Okay, it’s not like I don’t get that Scott Adams meant this to be a parody of Paul Krugman…
(If nothing else, reading Scott Adams’ blog gives the context to deduce his opinion regarding Krugman. Also, it’s worth noting that Adams did study economics in college.)
But then I started thinking, does the information provided really imply this? I mean, all we really know is that the character has a beard, won a Nobel Prize, and likes telling people they are wrong. (Conditional on being an economist, I think the last criterion really does nothing to narrow down the field.) So let’s go to the evidence…
2012 – Al Roth
Al does have a beard, but he doesn’t really talk about macro and is really too nice to engage in any trash talking.
2012 – Lloyd Shapley
Again, the beard is present, but I find it unlikely that an author of the Gale-Shapley mating algorithm would be interested in lecturing anyone on fiscal policy. That said, I think it would be hilarious to see him engage in trash talking.
2011 – Thomas Sargent, Christopher Sims
While Sargent and Sims did win their Nobel for work in empirical macroeconomics, they are missing the crucial beard component.
2010 – Peter Diamond, Dale Mortensen, Christopher Pissarides
No, mustaches do not count as beards, and, in any case, Peter Diamond has proven himself to be far too civil for the above characterization.
2009 – Elinor Ostrom, Oliver Williamson
I was about to move on to the next year, since, well, don’t even start with the beard jokes for Prof. Ostrom, if for no other reason than she’s no longer alive to defend herself, but then I came upon this:
Very sneaky, Williamson, very sneaky. Williamson is still not a proper candidate, however, since he focuses on transaction cost economics and doesn’t seem likely to get his panties in a twist over fiscal policy.
2008 – Paul Krugman
I think we all know this picture…
Krugman also obviously has a lot to say about fiscal policy, and, as I’ve pointed out before, he seem to have little aversion to the verbal sparring. Here’s the visual metaphor for you:
2007 – Leonid Hurwicz, Eric Maskin, Roger Myerson
I count zero beards and, unfortunately, one dead economist (Hurwicz) here, so no candidates.
2006 – Edmund Phelps
No beards to see here.
2005 – Robert Aumann
Now THAT is a beard that puts Krugman’s to shame. That said, he’s a game-theory guy and probably doesn’t have a particular interest in fiscal policy. (I don’t know about you, however, but if that beard told me I was wrong about fiscal policy, I would probably listen.)
2005 – Thomas Schelling
Since Aumann is a math guy, I will point out that, mathematically speaking, Aumann and Schelling have a normal beard on average.
2004 – Finn Kydland, Edward Prescott
One cute smile, but no beards.
2003 – Robert Engle III, Clive Granger
Well what have we here…Granger did win his Nobel for time-series econometrics, which has implications for macroeconomic policy analysis, but he passed away in 2009 so it’s unlikely that he’s yelling at anyone about fiscal policy. It’s particularly unfortunate that he’s not still around because I am always entertained when people yell with a British accent.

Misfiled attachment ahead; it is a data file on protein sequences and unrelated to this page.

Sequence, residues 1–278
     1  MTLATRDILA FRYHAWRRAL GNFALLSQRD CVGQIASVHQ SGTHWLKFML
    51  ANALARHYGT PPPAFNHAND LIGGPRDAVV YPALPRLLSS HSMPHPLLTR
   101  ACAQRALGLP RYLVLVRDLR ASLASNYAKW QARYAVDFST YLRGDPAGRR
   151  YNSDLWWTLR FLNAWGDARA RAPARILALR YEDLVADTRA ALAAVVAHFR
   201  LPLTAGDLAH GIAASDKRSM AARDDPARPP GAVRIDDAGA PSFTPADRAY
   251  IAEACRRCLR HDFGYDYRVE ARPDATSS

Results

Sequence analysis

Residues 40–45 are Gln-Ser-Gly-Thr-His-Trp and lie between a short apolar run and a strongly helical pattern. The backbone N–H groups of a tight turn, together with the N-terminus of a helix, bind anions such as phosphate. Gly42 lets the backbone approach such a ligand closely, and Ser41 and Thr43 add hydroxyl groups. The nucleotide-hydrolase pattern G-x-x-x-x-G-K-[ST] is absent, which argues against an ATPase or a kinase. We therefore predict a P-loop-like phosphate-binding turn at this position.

2002 – Dan Kahneman, Vernon Smith
With that look, I don’t think that Dan Kahneman needs to yell at anyone per se. In unrelated news, ponytails and beards appear to be substitutes rather than complements.
2001 – George Akerlof, Michael Spence
This beard hunt is more difficult that I would have guessed. But wait…
2001 – Joe Stiglitz
I dare you to tell me that you can’t picture that face telling you that you’re wrong about fiscal policy. If you need something to help with the visual, here is Stiglitz talking about how more fiscal stimulus is needed.
Since a second potential suspect has been found, I will stop here and note a few things. First, given the evidence, I am going to dispute the claim that anyone who knows anything about economics has a beard. (If nothing else, this claim would imply that women don’t know anything about economics, and, while this might explain the gender inequality that we see in the profession, don’t even go there.) It is, however, interesting to note that the sample proportion of beards above (p = 6/24 = 0.25) is higher than the overall beard prevalence of 10 percent. (Note that I excluded Ostrom from the proportion since the population beard statistic was only for men. Also, in an effort to be conservative with my conclusion, I didn’t include Williamson’s beard and only counted Aumann’s as a single beard. Good research principles, right here.) I am even tempted to say that the sample beard proportion of 0.25 is statistically significantly higher than the population beard proportion of 0.1 (the test statistic is about 2.4), but I am troubled that there are some small-sample issues here since there are only 6 positive observations in the sample beard category. In any case, a good follow-up question would be whether these men are wearing beards because anyone who knows anything about economics has a beard, because beards are just a very professorial thing in general, or perhaps due to some other factor entirely. (Instructors, this exercise would be a fun one to do with your students to teach hypothesis testing for a proportion.)
Second, despite the fact that Krugman and Stiglitz both technically fit the cartoon parody, I’m willing to bet that the vast majority of people immediately think of Krugman when they see it. (And this is despite the fact that, once I look at the cartoon objectively, the character actually resembles Stiglitz more closely from a visual perspective.) I can’t decide whether the tendency to assume that the cartoon is about Krugman rather than Stiglitz is positive or negative PR for either of the economists.